Although I typically write reviews for R&B and hip-hop releases, I figured I’d step outside of my comfort zone and talk about an album that’s been on constant repeat for me.
Before I begin my review, I have a couple of embarrassing confessions to make. First of all, the only reason I even listened to “CRASH” was that a lot of the creators on TikTok that I follow were talking about it, with mostly positive things to say. I was even more intrigued because internet personality, music critic, and YouTuber Anthony Fantano gave it a 5/10, and in my experience, I tend to really enjoy albums that he rates poorly.
My second confession is that I had never really listened to Charli XCX before this album. I was pretty unfamiliar with her work aside from her hit song “Boom Clap” and her feature on Iggy Azalea’s “Fancy.”
“CRASH” comes at an awkward moment in Charli XCX’s career, for a couple of reasons. Firstly, it’s the final album of her record label deal. Because of this, the album was made with a lot of intent of showing the culmination of her music career (she discusses this in her interview with Zane Lowe).
Secondly, the rollout of “CRASH” was met with lots of criticism and mixed reactions due to fans being disappointed with Charli’s change in sound. Charli XCX has always been at the forefront of experimental and avant-garde pop (this could honestly be its own blog post), and the singles she released in preparation for “CRASH” showed her shifting to a more mainstream, accessible sound. And well, let’s just say that Charli didn’t take her fans’ criticism very well.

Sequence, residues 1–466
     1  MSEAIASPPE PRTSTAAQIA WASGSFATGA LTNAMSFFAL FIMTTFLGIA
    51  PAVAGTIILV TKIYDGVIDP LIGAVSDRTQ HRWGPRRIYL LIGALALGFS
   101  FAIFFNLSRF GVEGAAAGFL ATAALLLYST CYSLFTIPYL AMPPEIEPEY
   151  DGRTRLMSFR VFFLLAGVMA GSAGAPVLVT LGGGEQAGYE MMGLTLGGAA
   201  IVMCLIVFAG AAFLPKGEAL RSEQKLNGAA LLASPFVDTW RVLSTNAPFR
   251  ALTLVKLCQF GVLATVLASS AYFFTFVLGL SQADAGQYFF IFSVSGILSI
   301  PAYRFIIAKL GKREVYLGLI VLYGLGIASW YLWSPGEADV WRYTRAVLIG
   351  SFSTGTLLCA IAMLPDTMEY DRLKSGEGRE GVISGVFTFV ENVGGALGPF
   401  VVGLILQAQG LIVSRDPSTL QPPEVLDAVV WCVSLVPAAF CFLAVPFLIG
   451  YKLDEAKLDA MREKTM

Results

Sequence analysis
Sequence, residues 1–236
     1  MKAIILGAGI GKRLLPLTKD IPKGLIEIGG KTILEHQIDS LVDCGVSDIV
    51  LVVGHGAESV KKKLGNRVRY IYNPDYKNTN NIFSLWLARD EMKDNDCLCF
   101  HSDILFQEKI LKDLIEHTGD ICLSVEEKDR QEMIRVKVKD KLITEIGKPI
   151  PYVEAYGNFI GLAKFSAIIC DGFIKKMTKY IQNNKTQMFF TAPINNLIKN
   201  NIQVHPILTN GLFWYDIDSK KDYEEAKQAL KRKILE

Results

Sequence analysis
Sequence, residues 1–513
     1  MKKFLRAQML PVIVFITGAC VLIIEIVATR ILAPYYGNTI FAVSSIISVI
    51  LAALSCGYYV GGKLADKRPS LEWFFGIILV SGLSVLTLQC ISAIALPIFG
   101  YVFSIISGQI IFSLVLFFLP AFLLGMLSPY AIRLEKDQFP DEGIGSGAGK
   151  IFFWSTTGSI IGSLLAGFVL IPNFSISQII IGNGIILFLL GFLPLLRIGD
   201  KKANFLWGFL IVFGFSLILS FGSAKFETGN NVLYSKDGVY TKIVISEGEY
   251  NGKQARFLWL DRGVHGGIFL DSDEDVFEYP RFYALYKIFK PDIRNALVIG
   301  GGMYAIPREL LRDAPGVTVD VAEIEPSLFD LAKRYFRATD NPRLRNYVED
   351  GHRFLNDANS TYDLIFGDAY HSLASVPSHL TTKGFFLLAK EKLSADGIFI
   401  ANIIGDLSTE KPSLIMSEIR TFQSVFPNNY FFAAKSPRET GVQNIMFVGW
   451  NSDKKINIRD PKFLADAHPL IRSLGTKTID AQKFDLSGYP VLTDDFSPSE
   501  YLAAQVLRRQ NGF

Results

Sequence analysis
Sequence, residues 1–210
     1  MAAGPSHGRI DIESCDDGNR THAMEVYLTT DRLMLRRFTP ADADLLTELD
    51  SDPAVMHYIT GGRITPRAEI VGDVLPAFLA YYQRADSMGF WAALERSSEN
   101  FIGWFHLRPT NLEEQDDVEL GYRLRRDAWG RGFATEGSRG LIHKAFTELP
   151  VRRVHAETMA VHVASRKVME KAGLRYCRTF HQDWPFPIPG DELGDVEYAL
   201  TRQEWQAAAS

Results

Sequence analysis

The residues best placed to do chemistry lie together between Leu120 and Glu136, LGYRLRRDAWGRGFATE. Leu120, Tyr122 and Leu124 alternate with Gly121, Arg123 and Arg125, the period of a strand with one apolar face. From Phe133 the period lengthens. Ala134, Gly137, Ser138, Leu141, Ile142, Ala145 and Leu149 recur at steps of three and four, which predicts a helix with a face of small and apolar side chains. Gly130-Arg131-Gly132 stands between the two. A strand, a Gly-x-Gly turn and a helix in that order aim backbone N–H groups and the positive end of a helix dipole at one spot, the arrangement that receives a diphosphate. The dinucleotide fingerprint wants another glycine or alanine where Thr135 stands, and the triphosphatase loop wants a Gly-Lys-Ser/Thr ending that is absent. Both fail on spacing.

However, despite the mixed reactions from its rollout, “CRASH” proves to be a thoroughly enjoyable listen, and another impressive addition to Charli XCX’s discography. Though sonically different from her past releases, Charli XCX uses this new direction to showcase that her talent isn’t limited to avant-garde or experimental music; she’s already transformed pop music and left a significant impact on its landscape, so it’s only natural that her version of “experimenting” is simply making mainstream, accessible pop. Her execution and performances negate any need for further experimentation.
I have a difficult time critiquing this record, not because it’s flawless, but because Charli XCX’s ability to make such colorful and infectious music outweighs any valuable criticism I can provide. That being said, there are certain tracks that didn’t speak to me as much as the other tracks, such as “Every Rule” and “Move Me.” Some tracks I didn’t initially enjoy, but have since grown on me, such as “Lightning” and “New Rules (feat. Christine and the Queens and Caroline Polachek).” Other tracks, such as “Twice” and “Yuck” are just incredible. They show a mastery of pop music from Charli XCX, and make for such a nice addition to her catalogue.
Although “CRASH” represents a sharp turn from Charli XCX’s PC Music days, it also shows a culmination of her talent, as well as what she’s capable of. She’s shown that she has nothing left to prove as an artist and that her talent and creativity aren’t limited to her reputation. “CRASH” not only represents Charli’s growth throughout her music career, but her impact on pop music, and I highly recommend you give this album a listen.